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Premier Legal Marketing Reviews Work Injuries Caused by the Most Dangerous Work Industries

Eastern Kentucky University’s Bachelor of Science in Occupational Safety program recently created an infographic that provides a tool for the Occupational Safety and Health Administration (OSHA) and employers to advance the prevention of workplace accidents. A number of different types of work injuries are prevalent in the workplace. Over three million non-fatal workplace accidents occurred in 2013 equating to a workplace injury taking place every ten seconds.  View the university’s infographic here.

Even though workplace injuries and illnesses have decreased since 2005, over 900,000 workers missed time at work in 2013 because they were injured on the job. Moreover, in excess of $11 billion was paid out for workplace injuries in 2014, from over 250,000 Workers’ Compensation claims for a variety of non-fatal work injuries.

Types of Non-Fatal Work Injuries

Over-exertion accounted for 400,090 injuries at work, while slip and falls caused close to 300,000 injuries to employees. Serious injuries for workers resulting from contact with objects or equipment totaled over 268,000. In excess of 134,000 injuries to workers were caused by violence in the workplace and transportation accidents.

Types of Common Fatal Work Accidents

In 2013, workplace incidents were responsible for the tragic deaths of over 4,000 employees. Many of the same non-fatal work accident categories were the cause of fatal work injuries, however hazardous exposure to substances was the number one cause for fatal Workers’ Compensation claims. Construction, manufacturing, agriculture, transportation and government jobs top the list of industries with the highest number of work fatalities.

Importance of More Stringent OSHA Guidelines  

The Occupational Safety and Health Administration delivers standards to ensure healthy work environments by providing valuable information and training to employers while overseeing conditions in the workplace to make certain workplaces are safe for all employees. Due to the astounding sum of claims filed for Workers’ Compensation benefits, OSHA implemented more stringent guidelines and regulations for employers so the Administration could gather pertinent information to improve workplace safety as well as improve the efficiency of workplace accident injury response time.

In 2014, OSHA documented violations across many industries. Violators were penalized and the Administration took steps to decrease workplace accidents by isolating the industries that need specific improvements. Many large industries were found to have inadequate respiratory safeguards, lack of hazardous material communication, inappropriate machine operation, and subpar electrical wiring. Improper fall protection as well as ladder and scaffolding violations were widespread in the construction industry.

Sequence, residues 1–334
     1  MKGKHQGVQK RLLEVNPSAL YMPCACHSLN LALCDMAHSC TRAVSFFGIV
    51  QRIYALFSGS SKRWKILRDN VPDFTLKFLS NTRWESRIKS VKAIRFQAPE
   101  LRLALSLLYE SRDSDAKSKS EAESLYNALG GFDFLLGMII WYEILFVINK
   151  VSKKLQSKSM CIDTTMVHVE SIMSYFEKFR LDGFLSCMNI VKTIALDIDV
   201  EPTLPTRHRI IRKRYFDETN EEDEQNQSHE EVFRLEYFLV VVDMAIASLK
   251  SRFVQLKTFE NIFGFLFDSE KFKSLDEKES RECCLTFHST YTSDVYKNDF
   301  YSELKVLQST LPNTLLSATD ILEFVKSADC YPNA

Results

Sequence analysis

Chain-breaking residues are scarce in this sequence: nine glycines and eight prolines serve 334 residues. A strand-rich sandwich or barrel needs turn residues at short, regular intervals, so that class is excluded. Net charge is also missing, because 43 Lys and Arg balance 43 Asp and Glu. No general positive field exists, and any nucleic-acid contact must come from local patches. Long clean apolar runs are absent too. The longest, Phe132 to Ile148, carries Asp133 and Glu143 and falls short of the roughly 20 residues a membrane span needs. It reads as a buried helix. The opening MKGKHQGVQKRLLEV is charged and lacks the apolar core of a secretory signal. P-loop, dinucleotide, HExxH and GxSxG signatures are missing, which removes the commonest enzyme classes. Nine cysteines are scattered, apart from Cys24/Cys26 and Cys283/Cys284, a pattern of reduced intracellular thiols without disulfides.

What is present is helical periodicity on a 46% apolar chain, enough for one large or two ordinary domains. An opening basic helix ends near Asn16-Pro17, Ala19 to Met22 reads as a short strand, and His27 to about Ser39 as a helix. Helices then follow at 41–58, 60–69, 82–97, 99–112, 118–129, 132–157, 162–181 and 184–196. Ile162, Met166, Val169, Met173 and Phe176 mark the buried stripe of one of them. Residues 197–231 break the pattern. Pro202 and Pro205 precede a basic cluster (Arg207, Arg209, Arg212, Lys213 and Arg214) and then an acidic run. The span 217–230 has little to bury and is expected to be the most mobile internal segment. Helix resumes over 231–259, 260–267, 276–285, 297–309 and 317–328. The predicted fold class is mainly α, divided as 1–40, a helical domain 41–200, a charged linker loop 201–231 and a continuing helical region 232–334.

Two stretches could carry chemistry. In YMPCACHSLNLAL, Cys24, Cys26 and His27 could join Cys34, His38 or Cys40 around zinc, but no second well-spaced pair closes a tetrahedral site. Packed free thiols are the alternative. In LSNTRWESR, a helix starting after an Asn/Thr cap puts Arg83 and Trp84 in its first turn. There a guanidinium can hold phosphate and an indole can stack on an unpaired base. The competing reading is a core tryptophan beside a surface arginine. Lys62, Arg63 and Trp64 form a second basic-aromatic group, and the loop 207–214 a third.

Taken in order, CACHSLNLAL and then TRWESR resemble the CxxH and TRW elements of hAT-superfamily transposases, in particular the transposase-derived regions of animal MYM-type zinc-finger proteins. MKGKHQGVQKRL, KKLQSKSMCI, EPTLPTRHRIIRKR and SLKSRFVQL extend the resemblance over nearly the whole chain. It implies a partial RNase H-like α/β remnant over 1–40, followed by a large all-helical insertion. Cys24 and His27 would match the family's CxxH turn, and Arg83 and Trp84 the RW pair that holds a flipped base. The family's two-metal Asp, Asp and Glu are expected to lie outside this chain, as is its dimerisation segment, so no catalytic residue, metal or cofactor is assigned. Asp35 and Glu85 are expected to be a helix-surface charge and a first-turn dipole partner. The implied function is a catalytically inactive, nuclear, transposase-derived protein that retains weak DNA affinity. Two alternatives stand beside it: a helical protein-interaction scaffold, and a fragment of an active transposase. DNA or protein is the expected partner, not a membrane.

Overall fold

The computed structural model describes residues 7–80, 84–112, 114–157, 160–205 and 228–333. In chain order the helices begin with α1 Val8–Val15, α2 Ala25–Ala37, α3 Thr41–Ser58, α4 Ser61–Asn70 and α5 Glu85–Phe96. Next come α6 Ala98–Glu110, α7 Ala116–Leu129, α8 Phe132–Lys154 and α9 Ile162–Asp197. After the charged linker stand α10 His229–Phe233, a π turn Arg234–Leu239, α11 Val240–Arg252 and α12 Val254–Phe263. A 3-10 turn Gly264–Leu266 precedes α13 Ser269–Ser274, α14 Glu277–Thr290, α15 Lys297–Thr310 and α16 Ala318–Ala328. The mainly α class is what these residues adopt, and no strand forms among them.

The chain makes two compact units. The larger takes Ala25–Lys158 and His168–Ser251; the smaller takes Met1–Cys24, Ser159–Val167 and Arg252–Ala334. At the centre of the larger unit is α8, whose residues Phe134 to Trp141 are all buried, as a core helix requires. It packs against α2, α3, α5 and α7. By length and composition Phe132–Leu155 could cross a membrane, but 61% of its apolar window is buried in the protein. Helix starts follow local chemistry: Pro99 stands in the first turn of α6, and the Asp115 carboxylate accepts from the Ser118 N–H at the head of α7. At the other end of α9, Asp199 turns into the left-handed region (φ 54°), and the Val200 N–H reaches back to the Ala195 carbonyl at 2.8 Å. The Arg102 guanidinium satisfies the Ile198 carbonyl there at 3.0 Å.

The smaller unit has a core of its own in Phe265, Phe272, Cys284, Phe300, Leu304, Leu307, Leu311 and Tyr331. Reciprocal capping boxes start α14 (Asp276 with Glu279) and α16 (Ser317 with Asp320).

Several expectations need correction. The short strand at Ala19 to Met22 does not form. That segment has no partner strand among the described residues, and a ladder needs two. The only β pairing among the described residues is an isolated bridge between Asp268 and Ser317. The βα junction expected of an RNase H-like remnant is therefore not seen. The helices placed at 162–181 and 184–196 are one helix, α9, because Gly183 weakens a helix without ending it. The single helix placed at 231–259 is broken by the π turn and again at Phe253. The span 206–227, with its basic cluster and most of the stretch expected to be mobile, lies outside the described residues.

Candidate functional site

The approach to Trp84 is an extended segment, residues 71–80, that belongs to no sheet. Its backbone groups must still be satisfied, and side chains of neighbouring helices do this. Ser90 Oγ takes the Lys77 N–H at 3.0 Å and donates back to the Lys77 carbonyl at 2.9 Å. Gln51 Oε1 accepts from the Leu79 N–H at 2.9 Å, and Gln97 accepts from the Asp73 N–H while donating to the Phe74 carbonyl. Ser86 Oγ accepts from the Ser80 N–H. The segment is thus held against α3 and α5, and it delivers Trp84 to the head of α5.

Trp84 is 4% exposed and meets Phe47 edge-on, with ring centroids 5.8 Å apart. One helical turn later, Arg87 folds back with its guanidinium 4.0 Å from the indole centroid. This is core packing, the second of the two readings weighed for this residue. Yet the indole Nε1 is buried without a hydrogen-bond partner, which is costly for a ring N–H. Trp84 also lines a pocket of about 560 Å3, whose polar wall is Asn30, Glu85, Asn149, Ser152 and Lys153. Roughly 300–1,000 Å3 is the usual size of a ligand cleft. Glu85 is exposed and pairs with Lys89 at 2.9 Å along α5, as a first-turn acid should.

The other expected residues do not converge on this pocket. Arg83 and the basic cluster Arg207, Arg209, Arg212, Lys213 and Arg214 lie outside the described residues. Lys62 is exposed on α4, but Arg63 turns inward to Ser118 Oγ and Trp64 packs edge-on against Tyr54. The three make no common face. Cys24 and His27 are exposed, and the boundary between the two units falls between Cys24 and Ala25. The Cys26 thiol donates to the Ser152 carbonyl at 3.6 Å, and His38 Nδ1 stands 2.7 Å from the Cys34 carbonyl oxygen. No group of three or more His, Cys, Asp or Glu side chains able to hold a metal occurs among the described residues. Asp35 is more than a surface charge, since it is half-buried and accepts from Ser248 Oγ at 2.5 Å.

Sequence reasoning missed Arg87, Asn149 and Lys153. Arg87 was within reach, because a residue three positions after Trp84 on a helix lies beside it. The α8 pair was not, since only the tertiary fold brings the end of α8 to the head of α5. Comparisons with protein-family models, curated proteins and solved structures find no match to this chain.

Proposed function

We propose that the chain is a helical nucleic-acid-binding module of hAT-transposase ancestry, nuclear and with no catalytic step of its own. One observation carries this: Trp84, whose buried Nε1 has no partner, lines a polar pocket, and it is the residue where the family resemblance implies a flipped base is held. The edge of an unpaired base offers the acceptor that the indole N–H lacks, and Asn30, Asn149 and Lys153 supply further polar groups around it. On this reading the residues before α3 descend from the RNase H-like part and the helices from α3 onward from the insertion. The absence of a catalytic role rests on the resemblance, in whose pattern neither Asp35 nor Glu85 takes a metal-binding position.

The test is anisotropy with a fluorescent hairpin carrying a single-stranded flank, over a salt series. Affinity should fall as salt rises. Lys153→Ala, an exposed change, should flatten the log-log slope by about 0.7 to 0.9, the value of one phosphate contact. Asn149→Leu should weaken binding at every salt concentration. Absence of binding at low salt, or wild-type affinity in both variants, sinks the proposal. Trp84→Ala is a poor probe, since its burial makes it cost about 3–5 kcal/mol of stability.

OSHA believes that a wide number of workplace accidents go unreported. The stricter guidelines, which were imposed January 1, 2015, will ensure timely and accurate injury reports and allow the agency to accurately access accidents in the workplace, while at the same time ensure that employers are responsive to problematic work zones.

Non-Fatal and Fatal Work Injuries and Accidents by Industries

The infographic also delineates which industries showed the highest numbers of non-fatal and fatal injuries at work. Over 180,000 local government employees suffered non-fatal work injuries followed by over 160,000 healthcare workers who were non-fatally injured on the job. Employees in retail accounted for 128,800 non-fatal workplace injuries, trailed by 120,110 manufacturing workers and 94,730 leisure and hospitality employees. The top five fatal injury prone industries were construction, transportation and warehousing, agriculture, forestry, fishing and hunting, followed by government and manufacturing, respectively.

Claims and Costs by Injury

The data included in the report depicts the direct and indirect costs of Workers’ Compensation claims by types of injury. Equipment repair and replacement, hiring and training, lost productivity, lost time and legal fees are included in indirect costs.

  • Burns
    • Direct Cost of $37,389
    • Indirect Cost of $41,127
  • Concussions
    • Direct Cost of $60,770
    • Indirect Cost of $66,847
  • Contusions
    • Direct Cost of $27,042
    • Indirect Cost of $29,746
  • Fractures
    • Direct Cost of $48,492
    • Indirect Cost of $53,341
  • Mental Stress
    • Direct Cost of $28,809
    • Indirect Cost of $32,789
  • Respiratory Disorders
    • Direct Cost of $27,684
    • Indirect Cost of $30,452
  • Sprains
    • Direct Cost of $28,866
    • Indirect Cost of $31,752

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